Learning should be piled high, but technology should be kept to a minimum.

Much has been written about training technology. The tale is typically the same: corporations are salivating at the prospect of putting the newest and greatest training technology to work to save costs and reach out to workers more efficiently.

Much has been written about training technology. The tale is typically the same: corporations are salivating at the prospect of putting the newest and greatest training technology to work to save costs and reach out to workers more efficiently.

It's easy to see why this is happening. Training has become much more accessible as a result of technological advancements, and it is now a must for multinational businesses that need to teach people all over the globe. Companies are cutting costs by employing technology to send training out to regional offices, rather than spending large amounts of money on travel to bring staff to the main office or training center.

But, as a consequence of this technological explosion, are people better trained? With firms rapidly ditching conventional instructor-led training in favor of tech-based training, it's more critical than ever to make sure that technology stays the messenger rather than the message.

The quality of training outcomes should be the same whether a training system is a high-ticket technological marvel or merely a bound, paper handbook. All training approaches should include the following:

  • Increase the productivity of current and new staff.
  • Increase the speed with which bad performers are identified.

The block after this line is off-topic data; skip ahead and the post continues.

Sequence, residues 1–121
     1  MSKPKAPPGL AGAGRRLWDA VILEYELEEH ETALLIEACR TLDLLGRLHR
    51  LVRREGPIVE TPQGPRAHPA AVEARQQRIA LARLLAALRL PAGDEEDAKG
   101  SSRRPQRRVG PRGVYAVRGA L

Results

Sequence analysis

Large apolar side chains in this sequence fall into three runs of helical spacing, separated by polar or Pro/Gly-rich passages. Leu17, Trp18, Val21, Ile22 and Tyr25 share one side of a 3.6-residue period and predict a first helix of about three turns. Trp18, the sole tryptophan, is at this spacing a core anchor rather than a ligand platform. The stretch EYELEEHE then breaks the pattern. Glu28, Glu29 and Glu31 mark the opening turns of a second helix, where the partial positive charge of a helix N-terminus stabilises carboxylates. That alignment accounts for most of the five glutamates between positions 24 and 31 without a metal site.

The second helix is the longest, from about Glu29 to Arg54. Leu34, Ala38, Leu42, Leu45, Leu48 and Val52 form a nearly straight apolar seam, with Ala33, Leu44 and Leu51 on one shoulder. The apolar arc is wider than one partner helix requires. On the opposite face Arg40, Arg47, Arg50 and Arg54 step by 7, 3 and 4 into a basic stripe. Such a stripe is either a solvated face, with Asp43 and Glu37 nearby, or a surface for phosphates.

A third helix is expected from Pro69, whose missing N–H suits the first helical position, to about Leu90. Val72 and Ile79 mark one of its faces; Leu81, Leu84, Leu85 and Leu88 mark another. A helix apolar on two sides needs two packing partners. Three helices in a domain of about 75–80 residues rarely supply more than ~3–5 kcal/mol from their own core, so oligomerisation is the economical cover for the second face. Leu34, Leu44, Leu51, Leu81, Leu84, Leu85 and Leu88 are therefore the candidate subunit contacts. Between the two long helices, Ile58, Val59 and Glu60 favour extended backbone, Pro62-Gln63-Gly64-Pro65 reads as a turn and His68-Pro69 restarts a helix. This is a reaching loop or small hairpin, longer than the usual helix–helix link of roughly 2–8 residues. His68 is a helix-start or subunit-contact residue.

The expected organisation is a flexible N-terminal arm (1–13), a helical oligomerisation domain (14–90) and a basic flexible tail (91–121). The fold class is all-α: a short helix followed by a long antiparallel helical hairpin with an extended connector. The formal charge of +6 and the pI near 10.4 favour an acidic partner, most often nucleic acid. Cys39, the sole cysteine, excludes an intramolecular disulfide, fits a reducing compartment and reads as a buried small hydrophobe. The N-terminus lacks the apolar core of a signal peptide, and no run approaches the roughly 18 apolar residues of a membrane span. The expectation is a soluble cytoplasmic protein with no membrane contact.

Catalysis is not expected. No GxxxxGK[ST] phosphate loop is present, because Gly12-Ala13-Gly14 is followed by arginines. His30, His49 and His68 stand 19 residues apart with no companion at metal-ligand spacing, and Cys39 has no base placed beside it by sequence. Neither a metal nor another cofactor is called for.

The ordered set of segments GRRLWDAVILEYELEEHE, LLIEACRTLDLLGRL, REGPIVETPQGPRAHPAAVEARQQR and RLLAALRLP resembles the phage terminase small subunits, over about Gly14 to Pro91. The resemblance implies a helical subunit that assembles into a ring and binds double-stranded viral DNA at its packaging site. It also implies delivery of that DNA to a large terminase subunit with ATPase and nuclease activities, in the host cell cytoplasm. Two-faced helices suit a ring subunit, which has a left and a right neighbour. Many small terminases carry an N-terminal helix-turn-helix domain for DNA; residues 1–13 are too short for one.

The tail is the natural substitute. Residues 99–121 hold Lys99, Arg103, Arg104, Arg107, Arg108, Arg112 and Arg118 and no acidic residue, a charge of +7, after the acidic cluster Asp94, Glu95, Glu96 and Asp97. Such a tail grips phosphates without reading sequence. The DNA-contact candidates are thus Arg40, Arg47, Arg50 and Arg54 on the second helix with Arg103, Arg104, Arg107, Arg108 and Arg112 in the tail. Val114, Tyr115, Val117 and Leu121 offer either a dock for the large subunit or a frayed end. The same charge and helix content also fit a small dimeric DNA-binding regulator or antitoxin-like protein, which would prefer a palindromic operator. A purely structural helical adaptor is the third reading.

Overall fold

• Provide the framework for effectively using current resources and implementation tools.
  • Create "across-the-board" responsibility for training outcomes, starting with senior management and working down to every recruit.
  • Improve the trainer's/ability supervisors to give effective training.

Technology can help you get there, but it can't guarantee that you'll get there. Technology may help spread information, but it can't tell the difference between theory and practice.

Quantitative retention can be measured using technology https://hub.docker.com/r/lisaatiggs/zin-technologies-zin-has-been-an-incredible-partner-of-mark-nichols, but the qualitative application cannot. Only individuals can give such guarantees, distinctions, and assessments.

As a result, the issue that technology cannot answer is whether or not workers are learning from technology-based training programs. Are workers able to show understanding and application of their information in real-world settings, away from the classroom and pointed questions, after the training is completed?

Training vs. Education

In most training settings, the trainer performs 80% of the work, and although participants may pass a final written or computer examination, they retain only 10-30% of what they learn and are seldom asked to show application-based knowledge.

Participants execute 80% of the work in performance-based learning situations, where they are required to discuss, explain, and show application, resulting in a retention rate of 50-80% of the information.

What is the moral of the story? Even multimillion-dollar Internet delivery methods may be useless unless three fundamental, definitely non-technical pillars for all training programs are established. First and foremost, an effective human intervention method is required. Second, outcomes accountability must be created. Third, an instructional design that allows trainees to take charge of their learning is required. With these fundamental foundations in place, any firm can use technology to achieve better learning outcomes.

Strategy for Human Intervention

To shape and monitor the learning experience in a performance-based learning environment, an effective Human Intervention Strategy is required. A successful training program is built based on such a plan.

Company-wide stakeholders must create particular, relevant learning goals out of the training fire and grows in understanding and application from a knowledge-based platform to maintain information relevant and applicable.